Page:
The PJ pictures of the past few years have taken on a slightly new direction, filling our pages with hyper-complex, tilted, dark images that, most of the time, I like, even when they don’t work. These images are not easy to make, make well I should say, and I think about one out of ten actually does work. But, we see a lot of them. And these same images are landing on gallery walls, which I also like, again, even if they don’t work. I like the idea that we are contemplating them.

Now, who do these images relate to?

The editors and the photographers, but I don’t believe they relate at all to the vast majority of readers. In fact, I think most viewers when looking at a tilted image will immediately ask, “Why is this crooked?” I know because I’ve heard them ask it.
And when looking at an image lacking critical focus, or containing a motion blur will ask, “Why is this blurry?”

I think we tend to place to much in the “benefit of the doubt” category when it comes to those viewing our pictures.

I’m not sure how many people are going to give a hyper-complex, tilted, out of focus image the time it requires. I think these images are done for a variety of reasons, none of which relate to the viewer.

But here is the kicker. I don’t think this should change. I don’t think the photographer should stop making these pictures, or change their style. Why? Because then everyone starts making the same pictures, something we have seen FAR too much of in recent years. Don’t believe me, take a look at the wedding field, or portrait field. In fact, I think in some ways, success today is based on conforming to the standards created by the industry itself. Safety in numbers?

Take fine art. What’s been hot for the past few years, disconnected urban moments, in color, printed 8×10 FEET. Huge prints, based mostly on the reality we now have the technology to make these prints, and the idea that if it is larger it is worth more. Oh, and hyper-small editions. These are trends, and there are plenty of folks who have decided to chase this trend, which again I think is odd, but not something that should be changed. Why? Because within about a year, this style of work will be so flooded on the market that it won’t be selling like it did, and it will force the market in a “new” direction. Open additions of micro-prints? Who knows. It might take longer than a year, but it will change.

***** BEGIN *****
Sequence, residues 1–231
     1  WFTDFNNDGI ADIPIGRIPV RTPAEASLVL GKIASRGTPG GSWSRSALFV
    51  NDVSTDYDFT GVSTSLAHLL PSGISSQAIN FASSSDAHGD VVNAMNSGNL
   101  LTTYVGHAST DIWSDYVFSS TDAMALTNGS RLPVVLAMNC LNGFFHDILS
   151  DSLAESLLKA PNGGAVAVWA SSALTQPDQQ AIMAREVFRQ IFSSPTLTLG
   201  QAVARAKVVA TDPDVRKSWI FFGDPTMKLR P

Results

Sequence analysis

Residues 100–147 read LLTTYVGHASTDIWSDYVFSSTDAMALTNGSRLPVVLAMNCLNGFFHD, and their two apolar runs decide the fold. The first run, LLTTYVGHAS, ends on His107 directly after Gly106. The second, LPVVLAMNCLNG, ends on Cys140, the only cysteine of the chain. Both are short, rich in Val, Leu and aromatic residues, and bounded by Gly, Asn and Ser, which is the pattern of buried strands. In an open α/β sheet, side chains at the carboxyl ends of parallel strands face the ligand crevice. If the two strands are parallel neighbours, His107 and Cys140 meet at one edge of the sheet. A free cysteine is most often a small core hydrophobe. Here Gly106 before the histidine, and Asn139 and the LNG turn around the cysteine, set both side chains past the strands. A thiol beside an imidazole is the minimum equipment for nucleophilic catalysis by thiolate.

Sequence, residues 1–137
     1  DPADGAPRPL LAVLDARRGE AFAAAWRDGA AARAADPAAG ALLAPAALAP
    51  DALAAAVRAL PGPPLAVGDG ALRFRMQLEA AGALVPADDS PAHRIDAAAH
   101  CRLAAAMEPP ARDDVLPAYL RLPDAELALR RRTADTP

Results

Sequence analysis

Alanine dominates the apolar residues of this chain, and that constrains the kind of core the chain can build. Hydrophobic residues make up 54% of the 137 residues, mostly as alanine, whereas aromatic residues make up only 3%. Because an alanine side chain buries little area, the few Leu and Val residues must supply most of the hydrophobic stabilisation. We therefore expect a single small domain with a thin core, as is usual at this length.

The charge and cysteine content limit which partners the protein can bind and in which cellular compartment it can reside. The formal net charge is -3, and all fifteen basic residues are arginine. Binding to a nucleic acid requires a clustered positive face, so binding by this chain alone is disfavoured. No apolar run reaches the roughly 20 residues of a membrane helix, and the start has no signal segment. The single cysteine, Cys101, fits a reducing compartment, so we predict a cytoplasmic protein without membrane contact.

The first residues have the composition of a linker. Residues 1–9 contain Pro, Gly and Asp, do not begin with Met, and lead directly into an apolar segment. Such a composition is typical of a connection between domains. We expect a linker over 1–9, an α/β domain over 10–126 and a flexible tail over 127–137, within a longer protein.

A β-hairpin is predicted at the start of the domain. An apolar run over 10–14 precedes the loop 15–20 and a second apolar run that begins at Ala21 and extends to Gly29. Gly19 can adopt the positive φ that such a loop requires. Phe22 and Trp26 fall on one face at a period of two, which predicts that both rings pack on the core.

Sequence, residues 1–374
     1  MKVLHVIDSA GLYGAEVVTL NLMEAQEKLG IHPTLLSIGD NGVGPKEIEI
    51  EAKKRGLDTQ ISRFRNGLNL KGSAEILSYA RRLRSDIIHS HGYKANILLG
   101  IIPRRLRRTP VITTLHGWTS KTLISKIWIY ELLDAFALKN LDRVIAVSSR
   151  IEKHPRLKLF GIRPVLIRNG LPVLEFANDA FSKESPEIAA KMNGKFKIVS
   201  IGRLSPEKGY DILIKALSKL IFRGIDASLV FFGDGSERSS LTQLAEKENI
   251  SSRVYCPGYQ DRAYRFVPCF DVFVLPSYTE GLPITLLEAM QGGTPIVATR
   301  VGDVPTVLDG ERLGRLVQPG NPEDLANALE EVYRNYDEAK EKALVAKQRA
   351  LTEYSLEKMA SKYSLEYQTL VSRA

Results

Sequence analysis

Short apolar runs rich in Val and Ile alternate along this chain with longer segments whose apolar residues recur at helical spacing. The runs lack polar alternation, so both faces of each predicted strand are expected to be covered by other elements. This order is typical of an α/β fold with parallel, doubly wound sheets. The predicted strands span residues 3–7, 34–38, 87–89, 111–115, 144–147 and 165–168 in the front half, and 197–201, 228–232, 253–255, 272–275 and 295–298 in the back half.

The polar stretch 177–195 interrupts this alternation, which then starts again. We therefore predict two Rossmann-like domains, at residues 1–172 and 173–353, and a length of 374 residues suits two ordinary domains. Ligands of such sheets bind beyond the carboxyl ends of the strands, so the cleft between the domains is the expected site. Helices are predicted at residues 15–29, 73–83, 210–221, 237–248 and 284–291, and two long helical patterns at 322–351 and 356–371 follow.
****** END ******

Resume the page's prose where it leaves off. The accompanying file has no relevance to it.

I think what is so great about all this is it turns the mirror, once again, back to the photographer and asks, “Okay, here we are again, so tell me, what is it you really want to do?” The most difficult question to answer.

If you are living in small town, rural America thinking that “arty” work won’t sell, perhaps now is the time to give it another shot. Or if you are living in hip-town, ultra-cool, double earring, flame shirt, suede pants land and want to shoot weddings in 3D while wearing your blue ruffle tux from high school prom, then I say go for it. You just never know, and if this is what is TRUE to your heart then it can never be wrong.

Let’s quit standing around lining up to conform and show our true colors. Or true black and white for you purists out there.

We’re all derivative, but let’s not get carried away. In a police lineup, you don’t want to be the person picked out.(not basing this on experience.) But in a photo-lineup you do!

One of the greatest aspects of photography is that there really is no right or wrong, only what we desire to do as the creative.